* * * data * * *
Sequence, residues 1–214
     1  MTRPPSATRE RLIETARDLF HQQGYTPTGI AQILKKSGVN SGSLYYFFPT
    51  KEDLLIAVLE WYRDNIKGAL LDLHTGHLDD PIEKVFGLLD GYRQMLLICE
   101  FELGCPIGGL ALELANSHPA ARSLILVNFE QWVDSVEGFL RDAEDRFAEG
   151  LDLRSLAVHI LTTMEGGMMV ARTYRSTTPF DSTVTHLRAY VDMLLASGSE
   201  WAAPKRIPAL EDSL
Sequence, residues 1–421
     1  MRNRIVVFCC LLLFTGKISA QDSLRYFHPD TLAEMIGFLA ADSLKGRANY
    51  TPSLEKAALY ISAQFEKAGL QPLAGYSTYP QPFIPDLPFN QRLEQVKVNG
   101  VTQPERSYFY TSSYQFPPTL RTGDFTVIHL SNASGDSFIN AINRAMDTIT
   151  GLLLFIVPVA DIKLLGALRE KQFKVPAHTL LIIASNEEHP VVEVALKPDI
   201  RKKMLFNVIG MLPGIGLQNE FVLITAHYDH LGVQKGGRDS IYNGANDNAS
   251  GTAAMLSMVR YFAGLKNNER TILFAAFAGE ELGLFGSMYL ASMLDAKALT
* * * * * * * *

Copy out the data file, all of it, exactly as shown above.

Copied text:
Sequence, residues 1–214
     1  MTRPPSATRE RLIETARDLF HQQGYTPTGI AQILKKSGVN SGSLYYFFPT
    51  KEDLLIAVLE WYRDNIKGAL LDLHTGHLDD PIEKVFGLLD GYRQMLLICE
   101  FELGCPIGGL ALELANSHPA ARSLILVNFE QWVDSVEGFL RDAEDRFAEG
   151  LDLRSLAVHI LTTMEGGMMV ARTYRSTTPF DSTVTHLRAY VDMLLASGSE
   201  WAAPKRIPAL EDSL
Sequence, residues 1–421
     1  MRNRIVVFCC LLLFTGKISA QDSLRYFHPD TLAEMIGFLA ADSLKGRANY
    51  TPSLEKAALY ISAQFEKAGL QPLAGYSTYP QPFIPDLPFN QRLEQVKVNG
   101  VTQPERSYFY TSSYQFPPTL RTGDFTVIHL SNASGDSFIN AINRAMDTIT
   151  GLLLFIVPVA DIKLLGALRE KQFKVPAHTL LIIASNEEHP VVEVALKPDI
   201  RKKMLFNVIG MLPGIGLQNE FVLITAHYDH LGVQKGGRDS IYNGANDNAS
   251  GTAAMLSMVR YFAGLKNNER TILFAAFAGE ELGLFGSMYL ASMLDAKALT